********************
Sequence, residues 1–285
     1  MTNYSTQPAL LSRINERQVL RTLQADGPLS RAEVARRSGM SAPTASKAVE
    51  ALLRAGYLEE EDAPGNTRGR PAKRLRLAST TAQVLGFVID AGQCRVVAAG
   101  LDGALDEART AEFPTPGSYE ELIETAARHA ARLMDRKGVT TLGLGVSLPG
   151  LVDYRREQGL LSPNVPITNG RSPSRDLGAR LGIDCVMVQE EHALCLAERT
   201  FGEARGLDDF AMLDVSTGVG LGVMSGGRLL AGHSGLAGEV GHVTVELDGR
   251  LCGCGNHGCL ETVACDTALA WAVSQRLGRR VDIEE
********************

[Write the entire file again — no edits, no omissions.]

Sequence, residues 1–285
     1  MTNYSTQPAL LSRINERQVL RTLQADGPLS RAEVARRSGM SAPTASKAVE
    51  ALLRAGYLEE EDAPGNTRGR PAKRLRLAST TAQVLGFVID AGQCRVVAAG
   101  LDGALDEART AEFPTPGSYE ELIETAARHA ARLMDRKGVT TLGLGVSLPG
   151  LVDYRREQGL LSPNVPITNG RSPSRDLGAR LGIDCVMVQE EHALCLAERT
   201  FGEARGLDDF AMLDVSTGVG LGVMSGGRLL AGHSGLAGEV GHVTVELDGR
   251  LCGCGNHGCL ETVACDTALA WAVSQRLGRR VDIEE